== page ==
Music That Has Swept Country, 1916.

To Play Music That Has Swept Country

Major Kealaka [Major Kealakai] of Royal Hawaiians at Star Theater “First Half.”

(Munice Sunday Star, 9/17/1916, Second Section, p. 3)


The Munice Sunday Star, Volume 39, p. 142, Second Section, Page 3. September 17, 1916.

Kawaihau Glee Club, 1905.


The Kawaihau Glee Club will give a free concert at the Emma Square musical assembly this Tuesday, April 3. There will be performed enthusiastically, songs recently composed by Mekia Kealakai, Jim  Shaw and Solomon Hiram, some of the experts of that famous glee club from the time of the Monarchy. They will be fully attired in their uniform that they wore when they travelled the length and breadth of America. For the benefit of the lovers of songs of the Aloha Aina newspaper, we are printing those heart-grabbing songs that will be played that night. Continue reading

Letter from Joseph Kekipi, 1916.

A Musical Band of Hawaiian Youths in America

Standing from the left: David Kaahili, Prince Jack Heleluhe, John Nakeleawe; Sitting below: Miss Amy Awai, Joseph K. Kekipi.

The photograph above, is of some Hawaiian youths that are travelling around America while working, singing and playing music. Their names are above, and they faces are familiar to Honolulu’s people. Continue reading

Solos on two steel guitars at the same time, 1928.


Sam Ku, professionally known in other parts of the world as Sam Ku West, and his accompanying artists will make their initial appearance in the Volcano City tonight at the New Palace theater in conjunction with the motion picture program featuring “Wallflowers.” Two and one half years ago, Sam left Honolulu, an unknown music boy for a tour of the Orient. Today he is back from New York as the only concert harpist of his race, acknowledged as one of the foremost steel guitar players of the world. His original idea of playing solos on two steel guitars at the same time, easily put him in a class by himself as a steel guitar artist. Continue reading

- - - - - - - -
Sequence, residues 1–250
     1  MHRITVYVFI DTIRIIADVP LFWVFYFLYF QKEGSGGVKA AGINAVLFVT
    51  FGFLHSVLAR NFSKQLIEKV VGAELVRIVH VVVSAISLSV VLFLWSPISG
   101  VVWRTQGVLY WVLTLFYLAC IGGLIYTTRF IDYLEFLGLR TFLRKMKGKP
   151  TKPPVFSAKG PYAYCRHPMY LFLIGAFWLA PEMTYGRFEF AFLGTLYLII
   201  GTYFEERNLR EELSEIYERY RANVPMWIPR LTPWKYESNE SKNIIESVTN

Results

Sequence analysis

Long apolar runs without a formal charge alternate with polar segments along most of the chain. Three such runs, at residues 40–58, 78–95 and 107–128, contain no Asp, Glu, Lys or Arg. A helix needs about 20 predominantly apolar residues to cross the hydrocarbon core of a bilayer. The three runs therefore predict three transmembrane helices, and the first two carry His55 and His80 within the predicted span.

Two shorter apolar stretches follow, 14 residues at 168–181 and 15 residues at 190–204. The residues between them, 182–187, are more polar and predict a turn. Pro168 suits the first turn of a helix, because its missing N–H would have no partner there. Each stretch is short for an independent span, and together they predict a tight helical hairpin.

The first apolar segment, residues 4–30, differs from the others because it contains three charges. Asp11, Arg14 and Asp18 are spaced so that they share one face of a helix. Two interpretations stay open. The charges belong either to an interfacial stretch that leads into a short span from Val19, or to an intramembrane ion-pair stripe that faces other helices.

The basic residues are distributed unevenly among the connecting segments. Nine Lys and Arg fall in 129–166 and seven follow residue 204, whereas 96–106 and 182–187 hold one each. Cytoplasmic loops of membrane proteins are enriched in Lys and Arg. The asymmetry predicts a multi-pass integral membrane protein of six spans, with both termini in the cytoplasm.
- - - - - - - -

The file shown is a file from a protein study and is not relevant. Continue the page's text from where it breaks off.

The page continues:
Death of Daniel Akana Ku Jr. in San Francisco, 1964.

Hawaiian Trio Leader Passes

SAN FRANCISCO (AP)—Funeral services will be held Wednesday for Daniel Ku, native of Hawaii and for years the leader of the luxury liner Lurline’s famed Hawaiian trio.

He died Sunday of cancer at the San Francisco Marine Hospital. He was 54. Continue reading

Diamond Kekona writes home from England, 1919.

Letter from Italy

My dear sister, Mrs. George Lonohiwa.

Much love between us. I have time to write letters to you and to Papa Kekona. I am in fine health, and so are my British mates in the battalion. And I am confirming that each of you all are in good health. On December 25, 1918, was the birthday of the Child of almighty God, and it was a day of rejoicing for the whole world. We celebrated that day with joy and peace; there was all sorts of food brought in by the nation of [line illegible because of what appears to be a fold in the paper] from all over Europe; we ate to our fill. There was but one thing not seen on our dining table; there was no poi and fresh fish, and other Hawaiian foods like limu kohu. I was craving poi and the other things I wrote to you, sister. Here is some news: the soldiers are being released to go home, and I think that our regiment will return within the next months. And if I go back and am released from service, then I hope to return to Hawaii, should the Heavenly Father assent. Amen. Give my aloha to brother-in-law, George W. Lonohiwa, kuku Makalohi, Joseph and August Kekona, and papa Kekona, and the rest of my aloha goes to our Hawaiian people.

Send my letters to my home, 143 Baxter Ave., Kidderminister, England.

Aloha kaua,

Diamond Kekona.

(Aloha Aina, 3/8/1919, p. 2)

Continue reading

Letter pertaining to plight of William Kanui, 1863.

Pertaining to  William Tennoee [William Tenoee] Alias Kanui.

We heard from Rev. S. C. Damon, the Pastor at the Bethel Church [ka Halepule Betela] at Polelewa, Honolulu, that he received a letter from San Francisco, pertaining to the old Hawaiian that is living in that city, that being the one named above, and he is living there in severe poverty and in difficulty. Kanui has been living in foreign lands since a long time ago, perhaps more than fifty years. Continue reading

Hiram R. Nalau writes from California, 1863.

A Letter from California.

O Kuokoa Newspaper; Aloha kaua:

As you passed by and entered my home in this land where I am living as a malihini, and I gazed to see the wealth contained in your patient bowels, and the freight you carried from our land of birth, and I saw and was appreciative, and my eyes were satiated seeing, and my ears were full from listening. Continue reading